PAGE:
22. Focus on value: Set a monetary valuation on your time, and only add items to your task list if their profitability meets or exceeds the value of the time they’ll take up.
  23. Make the answer no until proven otherwise: Instead of saying yes to everything until you find a reason not to do it, start off with a no until you can find a good reason to do it. This will keep a number of tasks off your list.
  24. Do super-easy tasks right away: If the act of writing down a task will take almost as much time as doing it, leave it off of your list.
  25. Leave out the obvious: Items that tend to jump out at you when they need to be done, like emptying a smelly trash can, don’t belong on your list.
  26. Group tasks: Organize tasks like phone calls and responding to email together, and you’ll get them done quicker because your mind is in the communication zone at that time.
  27. Categorize by time: Create separate lists for different blocks of time, such as a 5 minute list, an hour list, or a weekend list.
  28. Consider reality: Can you actually do the tasks you want to list? If they’re impossible or better done by someone else, they need to stay off of your task list.
  29. Note projects: If any given task is part of a larger project, be sure to make a note of it for easy skimming of your task list.
  30. Assign a Most Important Task: Set your standards low and identify just one task that absolutely has to get done.
  31. Keep an idea list: Separate ideas from actual tasks by keeping them in a separate list.
  32. Throw it away: If you’re overwhelmed by your task list, take one last look at it to identify any truly important items, and just throw it away. You’ll start off with a new, clean slate and be able to focus on current, important tasks.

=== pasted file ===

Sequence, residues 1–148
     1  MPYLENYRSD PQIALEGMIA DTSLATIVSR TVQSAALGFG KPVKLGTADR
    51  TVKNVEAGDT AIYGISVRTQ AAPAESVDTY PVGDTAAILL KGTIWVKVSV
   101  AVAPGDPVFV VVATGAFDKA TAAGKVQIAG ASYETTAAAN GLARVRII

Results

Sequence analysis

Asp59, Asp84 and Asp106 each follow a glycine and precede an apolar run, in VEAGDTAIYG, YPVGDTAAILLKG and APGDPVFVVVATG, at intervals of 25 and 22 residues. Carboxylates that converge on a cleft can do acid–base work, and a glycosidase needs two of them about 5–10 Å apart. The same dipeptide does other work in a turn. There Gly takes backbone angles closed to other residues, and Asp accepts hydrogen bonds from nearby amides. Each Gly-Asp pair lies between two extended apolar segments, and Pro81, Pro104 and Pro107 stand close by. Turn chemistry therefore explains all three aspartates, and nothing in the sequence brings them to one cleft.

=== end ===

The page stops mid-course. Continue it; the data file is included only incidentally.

33. Make an hour-based task list: Turn your task list into an hourly schedule, then promise to stick to it.
  34. Keep it visible: Put your to do list in a sidebar or another place where you can’t ignore it to stay on top of tasks.
  35. Put it all in one place: This sounds like a no-brainer, but you should keep your revolving list in one place, instead of where you are when you come up with a task.
  36. Use the Printable CEO: These printouts will help you track tasks and more.
  37. Color code: Assign urgency and importance, and it will be easy to see what tasks you need to get to next.
  38. Give yourself points: Make each task worth points, and limit your task list to a specific point value.
  39. Write it at the end of the day: By writing your daily list for tomorrow at the end of the day, you’ll still have the tasks you need to do fresh in your mind.
  40. Automate: If you’re using an electronic task list, make use of any functions that automatically update your to do list based on date, completed tasks, and other criteria.
  41. Use tags: For those with electronic task services, use tags to keep track of what you’re doing.
  42. Set up reminders: Make your task list work for you even when you’re not looking at it by setting up reminders through email, messaging, or SMS.
  43. Get mapping capabilities: Integrate your to do list with maps for added functionality.
  44. Share: Use a task list program that you can use with others so delegation and task sharing is easy.
  45. Take it with you: Use a task service that allows you to use it on your phone or via the web.
  46. Integrate with RSS: Share your list with others, or get updated about changes to shared lists via RSS.
  47. Keep notes: In many to do list applications, you can make notes on each item, so you can give yourself details or status updates.
  48. Stay on top of deadlines: Use an application that allows you to view deadlines at a glance to know what you’re up against.
  49. Use post its: Productivity experts may not agree, but by using post its, you can limit entries, categorize, and best of all, throw them away.
  50. Integrate with a calendar: Get an overview of your day, week and month, by using a to do list that shares a brain with your calendar.